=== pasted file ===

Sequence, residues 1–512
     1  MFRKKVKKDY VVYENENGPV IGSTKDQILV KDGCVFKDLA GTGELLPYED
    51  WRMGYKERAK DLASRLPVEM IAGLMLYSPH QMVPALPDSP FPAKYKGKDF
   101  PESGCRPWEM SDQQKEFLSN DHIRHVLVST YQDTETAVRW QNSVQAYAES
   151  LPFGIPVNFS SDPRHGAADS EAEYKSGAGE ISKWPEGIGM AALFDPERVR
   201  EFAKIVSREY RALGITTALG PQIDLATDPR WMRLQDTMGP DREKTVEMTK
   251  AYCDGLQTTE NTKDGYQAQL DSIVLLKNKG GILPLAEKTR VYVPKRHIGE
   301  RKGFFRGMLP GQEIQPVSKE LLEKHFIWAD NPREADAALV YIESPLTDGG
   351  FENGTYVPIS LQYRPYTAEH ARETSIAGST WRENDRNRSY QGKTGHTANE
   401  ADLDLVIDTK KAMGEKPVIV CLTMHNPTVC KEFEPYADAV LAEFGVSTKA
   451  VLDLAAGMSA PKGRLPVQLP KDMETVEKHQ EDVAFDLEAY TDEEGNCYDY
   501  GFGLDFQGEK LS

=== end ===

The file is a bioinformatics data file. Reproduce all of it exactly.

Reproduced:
Sequence, residues 1–512
     1  MFRKKVKKDY VVYENENGPV IGSTKDQILV KDGCVFKDLA GTGELLPYED
    51  WRMGYKERAK DLASRLPVEM IAGLMLYSPH QMVPALPDSP FPAKYKGKDF
   101  PESGCRPWEM SDQQKEFLSN DHIRHVLVST YQDTETAVRW QNSVQAYAES
   151  LPFGIPVNFS SDPRHGAADS EAEYKSGAGE ISKWPEGIGM AALFDPERVR
   201  EFAKIVSREY RALGITTALG PQIDLATDPR WMRLQDTMGP DREKTVEMTK
   251  AYCDGLQTTE NTKDGYQAQL DSIVLLKNKG GILPLAEKTR VYVPKRHIGE
   301  RKGFFRGMLP GQEIQPVSKE LLEKHFIWAD NPREADAALV YIESPLTDGG
   351  FENGTYVPIS LQYRPYTAEH ARETSIAGST WRENDRNRSY QGKTGHTANE
   401  ADLDLVIDTK KAMGEKPVIV CLTMHNPTVC KEFEPYADAV LAEFGVSTKA
   451  VLDLAAGMSA PKGRLPVQLP KDMETVEKHQ EDVAFDLEAY TDEEGNCYDY
   501  GFGLDFQGEK LS